Websites in groups and communities
How groups work
Flightdec allocates ‘group’ administrator status to individual websites. It enables a website to administer a group (or groups) and attract like-minded websites to selectively broadcast content within that group.
In addition, every Flightdec website has a group assigned at launch (their own group) to facilitate internal content broadcasts only.
A website operating an external group is able to receive requests from other Flightdec websites wishing to join the group. As the numbers of websites in a group grow, so does the opportunity for all websites in the group to share content widely.
The group administrator might set her website as a ‘hub website’, which generally means the group name is applied to the group and the website has pages which receive and aggregate all that group’s content sharing.
Websites with more than one group allocated are likely to be broadcasting within a larger group, and various discrete smaller groups of websites, say with trusted clusters of websites.
Issues.co.nz is an example of a hub site with a large group pf contributing websites. It does not generate any of its own content and has pages set for categories and sub-categories of topic content, with some websites in the group given entry to any categories, while other websites may be in another group which restricts broadcasts to sub-categories only. In addition, a membership organisation might set one group exclusively for members only while another group might be for more open participation.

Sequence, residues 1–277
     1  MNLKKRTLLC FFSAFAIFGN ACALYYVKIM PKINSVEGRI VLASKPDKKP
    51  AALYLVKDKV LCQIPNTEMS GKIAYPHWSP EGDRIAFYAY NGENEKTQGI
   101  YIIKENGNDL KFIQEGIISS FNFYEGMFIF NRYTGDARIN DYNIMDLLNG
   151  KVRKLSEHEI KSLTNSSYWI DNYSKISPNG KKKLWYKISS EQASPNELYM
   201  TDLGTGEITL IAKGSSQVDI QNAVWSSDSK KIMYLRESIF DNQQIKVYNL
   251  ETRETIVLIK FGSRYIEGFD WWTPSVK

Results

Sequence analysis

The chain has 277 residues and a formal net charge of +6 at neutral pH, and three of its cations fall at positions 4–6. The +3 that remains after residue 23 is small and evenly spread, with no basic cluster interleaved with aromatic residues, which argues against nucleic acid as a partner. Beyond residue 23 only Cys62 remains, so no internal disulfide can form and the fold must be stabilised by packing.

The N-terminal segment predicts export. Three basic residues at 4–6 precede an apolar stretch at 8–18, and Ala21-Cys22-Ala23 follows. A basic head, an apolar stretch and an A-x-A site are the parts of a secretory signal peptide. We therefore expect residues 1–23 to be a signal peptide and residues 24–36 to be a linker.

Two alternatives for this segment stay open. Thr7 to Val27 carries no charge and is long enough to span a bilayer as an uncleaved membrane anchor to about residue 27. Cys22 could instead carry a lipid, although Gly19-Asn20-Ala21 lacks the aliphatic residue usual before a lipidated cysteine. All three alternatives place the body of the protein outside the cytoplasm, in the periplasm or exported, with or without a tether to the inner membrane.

A typical website might belong to a number of appropriate groups. For example, a business advice entity could wish to variously share content in its local town group, a national business advice group and any number of other interest groups.
Networking for websites joining groups follows the same principles as person-to-person networking. For example, a website approved to join a large existing group automatically enjoys the extensive interconnections already created. And every additional website in the group increases the size and strength of group.
Groups can gain even more traction through the parallel use of social media. In addition to typical page sharing buttons, etc, websites in a group can cluster together to conduct mutual promotion on social media platforms and groups.
See more about the mechanics of content broadcasting between websites.
Collective Impact is an international model used for community development initiatives, which fits neatly with the capabilities and benefits of Flightdec. We are assisting its development with organisations in a number of New Zealand communities.
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